The basic protection to telephone lines includes primary protection modules and secondary protection modules. The primary protection module provides overvoltage protection against lightning strikes and power line crosses to the telephone lines. Such primary protectors may include gas discharge tubes and other semiconductor devices that can withstand high voltages. Secondary protection circuits often include semiconductor devices, resistors, positive temperature coefficient devices and other components to provide lower voltage protection to the customer side equipment. A family of overvoltage protection SIDACtor® devices providing the secondary protection is available from Teccor Electronics, Irving, Tex. The primary protection module is effective to limit the hazardous line voltages to approximately 300 volts. The secondary protection circuits, for example in line cards, provide additional protection to the telephone lines at levels below 300 volts.
While numerous five-pin primary protection modules are commercially available to provide primary protection, there is a limited selection of five-pin secondary protection modules providing secondary protection.
Recent changes in regulatory requirements suggest the use of DC isolation as well as overvoltage protection in secondary protection circuits of certain types of equipment. This imposes additional constraints not currently satisfied by currently available devices and circuits.
From the foregoing, it can be seen that a need exists for a method and technique to fabricate low breakover voltage thyristor devices. Another need exists for a technique to fabricate low voltage thyristor devices where the breakover voltage is independent of the holding current. Yet another need exists for a thyristor device which can be reliably made with high yields, thereby reducing the cost of the devices. Another need exists for a five-pin communication line protection module for use with low voltage communication lines.
In accordance with the principles and concepts of the invention, there is disclosed a technique for fabricating low-voltage thyristor devices, which technique overcomes the disadvantages and shortcomings of the prior art.
In accordance with an edge-fired embodiment of the invention, the buried region is laterally offset from the emitter region. The upward movement of the buried region junction as a function of the impurity level does not thereby interfere or otherwise become too close to the emitter junction. In addition, because of the lateral displacement of the buried region from the emitter, the base region underlying the emitter does not vary in thickness as a function of the location of the buried region junction. This essentially makes the breakover voltage independent of the holding current value of the device.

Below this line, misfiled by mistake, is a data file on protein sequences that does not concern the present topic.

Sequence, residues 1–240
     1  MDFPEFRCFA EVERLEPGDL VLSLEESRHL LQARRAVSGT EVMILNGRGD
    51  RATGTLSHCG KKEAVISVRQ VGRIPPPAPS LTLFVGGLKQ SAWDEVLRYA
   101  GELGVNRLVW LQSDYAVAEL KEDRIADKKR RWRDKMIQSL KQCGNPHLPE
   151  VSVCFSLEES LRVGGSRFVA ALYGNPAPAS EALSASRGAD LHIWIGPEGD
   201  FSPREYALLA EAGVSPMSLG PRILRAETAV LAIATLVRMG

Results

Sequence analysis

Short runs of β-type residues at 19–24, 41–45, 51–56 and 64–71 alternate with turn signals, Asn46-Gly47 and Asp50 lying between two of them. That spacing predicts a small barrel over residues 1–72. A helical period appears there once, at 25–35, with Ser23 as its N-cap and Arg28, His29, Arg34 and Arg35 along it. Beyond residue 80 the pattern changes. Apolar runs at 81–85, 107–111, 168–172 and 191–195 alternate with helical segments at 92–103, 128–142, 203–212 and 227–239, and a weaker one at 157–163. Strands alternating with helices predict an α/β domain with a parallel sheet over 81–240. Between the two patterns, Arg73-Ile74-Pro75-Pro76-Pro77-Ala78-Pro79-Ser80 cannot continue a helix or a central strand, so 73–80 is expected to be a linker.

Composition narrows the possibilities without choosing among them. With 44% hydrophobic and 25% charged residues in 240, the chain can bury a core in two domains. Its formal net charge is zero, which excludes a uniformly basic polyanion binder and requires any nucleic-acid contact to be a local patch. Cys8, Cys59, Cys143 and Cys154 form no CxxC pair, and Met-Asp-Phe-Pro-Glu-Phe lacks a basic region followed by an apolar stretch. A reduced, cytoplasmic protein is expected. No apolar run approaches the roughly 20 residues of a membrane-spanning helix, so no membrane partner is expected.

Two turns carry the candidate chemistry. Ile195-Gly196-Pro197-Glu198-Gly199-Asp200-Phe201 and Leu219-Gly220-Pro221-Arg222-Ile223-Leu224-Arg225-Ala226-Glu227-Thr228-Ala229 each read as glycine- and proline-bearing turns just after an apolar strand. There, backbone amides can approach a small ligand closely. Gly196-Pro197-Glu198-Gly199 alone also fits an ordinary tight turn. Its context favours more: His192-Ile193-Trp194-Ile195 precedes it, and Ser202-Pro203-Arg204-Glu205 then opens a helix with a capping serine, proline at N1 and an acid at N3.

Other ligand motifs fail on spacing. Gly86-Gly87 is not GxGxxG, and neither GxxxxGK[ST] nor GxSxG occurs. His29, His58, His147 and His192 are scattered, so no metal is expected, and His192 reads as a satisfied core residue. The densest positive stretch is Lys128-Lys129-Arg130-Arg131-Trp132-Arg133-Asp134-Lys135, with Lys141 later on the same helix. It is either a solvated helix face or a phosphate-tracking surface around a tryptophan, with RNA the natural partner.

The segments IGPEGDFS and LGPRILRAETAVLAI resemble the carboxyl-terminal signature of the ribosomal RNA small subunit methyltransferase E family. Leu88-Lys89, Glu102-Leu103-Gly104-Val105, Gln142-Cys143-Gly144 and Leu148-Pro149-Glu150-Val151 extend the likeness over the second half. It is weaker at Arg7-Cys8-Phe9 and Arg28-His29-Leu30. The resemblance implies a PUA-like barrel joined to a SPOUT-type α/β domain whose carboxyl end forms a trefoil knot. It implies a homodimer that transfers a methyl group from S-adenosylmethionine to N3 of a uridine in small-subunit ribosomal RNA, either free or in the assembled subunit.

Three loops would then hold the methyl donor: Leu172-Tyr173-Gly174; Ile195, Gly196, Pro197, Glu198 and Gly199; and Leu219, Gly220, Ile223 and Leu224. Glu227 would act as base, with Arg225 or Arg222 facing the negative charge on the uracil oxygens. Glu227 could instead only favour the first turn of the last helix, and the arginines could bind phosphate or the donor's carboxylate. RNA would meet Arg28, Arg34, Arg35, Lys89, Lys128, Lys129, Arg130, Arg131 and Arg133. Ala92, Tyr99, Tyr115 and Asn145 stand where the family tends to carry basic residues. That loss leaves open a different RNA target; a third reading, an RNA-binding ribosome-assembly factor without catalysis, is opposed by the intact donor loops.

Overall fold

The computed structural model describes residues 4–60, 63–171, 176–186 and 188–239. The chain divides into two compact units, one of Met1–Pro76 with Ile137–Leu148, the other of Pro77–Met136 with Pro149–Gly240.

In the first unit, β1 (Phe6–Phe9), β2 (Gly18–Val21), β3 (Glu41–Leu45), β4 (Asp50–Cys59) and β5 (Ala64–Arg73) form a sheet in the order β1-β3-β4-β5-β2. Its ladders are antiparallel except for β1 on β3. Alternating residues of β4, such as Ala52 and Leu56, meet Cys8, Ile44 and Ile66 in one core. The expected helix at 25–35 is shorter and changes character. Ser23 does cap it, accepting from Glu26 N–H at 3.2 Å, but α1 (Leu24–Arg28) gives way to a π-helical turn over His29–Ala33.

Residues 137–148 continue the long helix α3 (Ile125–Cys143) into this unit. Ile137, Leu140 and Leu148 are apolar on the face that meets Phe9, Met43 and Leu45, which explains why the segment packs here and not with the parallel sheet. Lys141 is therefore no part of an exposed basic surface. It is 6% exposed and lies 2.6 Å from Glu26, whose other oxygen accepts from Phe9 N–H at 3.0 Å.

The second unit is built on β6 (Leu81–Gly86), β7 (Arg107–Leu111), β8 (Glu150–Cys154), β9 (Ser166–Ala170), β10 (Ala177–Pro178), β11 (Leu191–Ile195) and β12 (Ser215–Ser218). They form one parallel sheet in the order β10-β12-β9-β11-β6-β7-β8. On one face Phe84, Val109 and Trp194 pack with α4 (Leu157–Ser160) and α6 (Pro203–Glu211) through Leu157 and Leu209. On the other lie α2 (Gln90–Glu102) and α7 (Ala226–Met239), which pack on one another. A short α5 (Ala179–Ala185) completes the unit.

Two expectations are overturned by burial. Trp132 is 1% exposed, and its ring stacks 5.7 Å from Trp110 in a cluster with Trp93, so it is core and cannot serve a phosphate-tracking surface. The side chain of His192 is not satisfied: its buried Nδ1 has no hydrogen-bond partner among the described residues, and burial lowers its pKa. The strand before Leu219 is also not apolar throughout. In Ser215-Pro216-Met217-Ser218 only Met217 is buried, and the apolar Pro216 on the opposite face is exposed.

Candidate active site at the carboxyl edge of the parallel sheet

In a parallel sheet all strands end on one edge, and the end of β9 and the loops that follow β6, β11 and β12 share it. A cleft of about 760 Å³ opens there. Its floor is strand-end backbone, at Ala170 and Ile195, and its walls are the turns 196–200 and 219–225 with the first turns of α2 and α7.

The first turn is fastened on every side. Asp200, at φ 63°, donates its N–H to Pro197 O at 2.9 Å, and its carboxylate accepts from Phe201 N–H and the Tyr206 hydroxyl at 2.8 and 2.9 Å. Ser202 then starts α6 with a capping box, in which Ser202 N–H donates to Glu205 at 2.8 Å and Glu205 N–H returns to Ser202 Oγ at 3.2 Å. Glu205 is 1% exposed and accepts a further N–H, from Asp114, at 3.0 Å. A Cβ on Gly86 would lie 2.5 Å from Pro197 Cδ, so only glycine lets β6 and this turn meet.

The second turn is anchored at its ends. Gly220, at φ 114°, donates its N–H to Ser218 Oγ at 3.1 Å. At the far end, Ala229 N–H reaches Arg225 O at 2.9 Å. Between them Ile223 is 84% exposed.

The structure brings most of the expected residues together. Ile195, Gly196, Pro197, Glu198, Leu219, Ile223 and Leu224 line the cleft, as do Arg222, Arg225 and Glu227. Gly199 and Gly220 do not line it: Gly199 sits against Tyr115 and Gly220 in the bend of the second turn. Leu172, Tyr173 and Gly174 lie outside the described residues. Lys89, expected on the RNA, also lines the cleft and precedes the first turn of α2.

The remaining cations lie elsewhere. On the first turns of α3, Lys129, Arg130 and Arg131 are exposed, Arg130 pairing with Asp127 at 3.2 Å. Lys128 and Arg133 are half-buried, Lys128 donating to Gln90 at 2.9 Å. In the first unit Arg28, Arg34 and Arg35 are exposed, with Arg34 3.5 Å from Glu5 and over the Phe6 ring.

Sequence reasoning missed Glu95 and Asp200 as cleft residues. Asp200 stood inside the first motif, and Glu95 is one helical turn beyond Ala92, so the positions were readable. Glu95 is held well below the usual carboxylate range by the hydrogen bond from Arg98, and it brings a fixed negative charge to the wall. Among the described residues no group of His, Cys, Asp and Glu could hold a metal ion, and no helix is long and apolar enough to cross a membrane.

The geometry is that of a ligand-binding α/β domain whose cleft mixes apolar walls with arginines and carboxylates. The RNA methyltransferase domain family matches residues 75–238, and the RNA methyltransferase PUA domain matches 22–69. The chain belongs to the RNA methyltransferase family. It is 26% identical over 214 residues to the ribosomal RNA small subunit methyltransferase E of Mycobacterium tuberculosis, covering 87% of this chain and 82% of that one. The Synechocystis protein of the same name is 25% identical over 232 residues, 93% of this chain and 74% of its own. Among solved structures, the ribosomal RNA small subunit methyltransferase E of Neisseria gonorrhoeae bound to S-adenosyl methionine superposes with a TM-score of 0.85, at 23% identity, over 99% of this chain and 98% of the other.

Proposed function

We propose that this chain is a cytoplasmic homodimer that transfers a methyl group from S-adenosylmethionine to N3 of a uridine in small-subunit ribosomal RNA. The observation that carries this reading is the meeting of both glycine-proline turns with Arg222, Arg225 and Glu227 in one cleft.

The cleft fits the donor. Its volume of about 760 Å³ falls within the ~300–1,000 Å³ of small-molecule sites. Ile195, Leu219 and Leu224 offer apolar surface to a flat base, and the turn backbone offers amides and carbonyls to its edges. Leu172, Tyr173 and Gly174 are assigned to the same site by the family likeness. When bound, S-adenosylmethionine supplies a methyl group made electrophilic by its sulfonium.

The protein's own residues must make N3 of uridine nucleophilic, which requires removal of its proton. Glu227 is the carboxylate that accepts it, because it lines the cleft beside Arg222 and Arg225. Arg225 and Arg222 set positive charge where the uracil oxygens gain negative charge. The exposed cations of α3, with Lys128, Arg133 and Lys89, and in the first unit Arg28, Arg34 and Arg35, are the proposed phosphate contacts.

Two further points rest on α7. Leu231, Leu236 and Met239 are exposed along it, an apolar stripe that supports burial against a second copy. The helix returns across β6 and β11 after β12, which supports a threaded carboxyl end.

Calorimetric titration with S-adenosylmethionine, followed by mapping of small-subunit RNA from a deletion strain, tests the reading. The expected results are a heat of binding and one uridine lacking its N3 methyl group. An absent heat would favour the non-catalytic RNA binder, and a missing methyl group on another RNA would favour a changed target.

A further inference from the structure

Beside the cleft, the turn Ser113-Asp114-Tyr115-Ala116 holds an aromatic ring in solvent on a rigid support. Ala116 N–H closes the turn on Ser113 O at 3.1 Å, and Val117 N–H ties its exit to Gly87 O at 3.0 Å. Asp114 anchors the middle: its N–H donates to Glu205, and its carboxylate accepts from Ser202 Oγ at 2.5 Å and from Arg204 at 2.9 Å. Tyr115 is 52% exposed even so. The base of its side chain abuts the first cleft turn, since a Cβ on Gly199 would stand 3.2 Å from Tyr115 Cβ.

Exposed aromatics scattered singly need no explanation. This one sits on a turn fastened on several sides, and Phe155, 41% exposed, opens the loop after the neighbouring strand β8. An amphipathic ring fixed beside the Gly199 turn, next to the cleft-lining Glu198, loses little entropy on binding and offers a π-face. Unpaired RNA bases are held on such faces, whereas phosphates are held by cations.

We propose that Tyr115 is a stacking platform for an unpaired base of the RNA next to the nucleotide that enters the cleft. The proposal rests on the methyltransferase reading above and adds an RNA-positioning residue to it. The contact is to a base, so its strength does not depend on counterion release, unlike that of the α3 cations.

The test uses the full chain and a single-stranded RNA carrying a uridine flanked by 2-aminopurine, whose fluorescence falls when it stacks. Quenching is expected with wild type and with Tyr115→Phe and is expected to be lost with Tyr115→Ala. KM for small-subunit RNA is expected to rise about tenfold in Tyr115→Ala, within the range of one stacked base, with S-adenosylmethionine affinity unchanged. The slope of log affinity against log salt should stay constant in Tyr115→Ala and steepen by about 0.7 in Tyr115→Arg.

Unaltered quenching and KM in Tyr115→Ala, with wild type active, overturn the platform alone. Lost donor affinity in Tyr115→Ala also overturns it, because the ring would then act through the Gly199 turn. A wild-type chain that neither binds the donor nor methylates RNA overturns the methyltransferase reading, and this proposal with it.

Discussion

In accordance with another feature of the invention, a deep base is provided to thereby make the mid-region of the substrate thinner. The mid-region of the substrate functions in the four-layer device as a base of one of the regenerative-connected transistors of the thyristor device. With a thinner transistor base, the gain of the device is higher, thereby allowing the thyristor device to remain in an on state with a lower holding current.
In another embodiment, a four-layer thyristor is fabricated utilizing a pair of spaced-apart emitters with the buried region disposed therebetween.
In yet another embodiment, a low voltage thyristor device is formed as a center fired device in which the buried region is formed offset from the emitter, but generally centered in the chip. This arrangement not only allows an increased device current to flow, but also facilitates assembly of the packaged device. By placing the buried region in the center of the semiconductor chip and utilizing two symmetrically oriented metal contacts, the chip self centers itself to a lead frame when reflow soldered thereto.
In yet another embodiment, a five-pin communication line protection module utilizes the low-voltage thyristor to provide low voltage line protection to other circuits, such as data systems.
Further features and advantages will become apparent from the following description of the drawings, in which like referenced characteristics generally refer to the same parts, elements or functions throughout the views, and in which:
FIG. 1 is a cross-sectional view of a low breakover voltage SIDACtor® device constructed in accordance with the prior art;
FIG. 2 is a cross-sectional view of a low voltage SIDACtor® device constructed in accordance with one embodiment of the invention;
FIGS. 3 and 4 are respective cross-sectional and top views of yet another embodiment of a low voltage SIDACtor® device having a deep base region to effectively make the mid-region of the substrate thinner, thereby reducing the holding current characteristics of the device;
FIGS. 5 and 6 are respective cross-sectional views of a low voltage SIDACtor® device utilizing a buried region disposed between emitter regions;
FIG. 7 is a cross-sectional view of a low voltage SIDACtor® device utilizing a base region that has a portion thereof that is lightly doped for improved turn-on performance, and a more heavily doped portion of the base region to control the breakover voltage;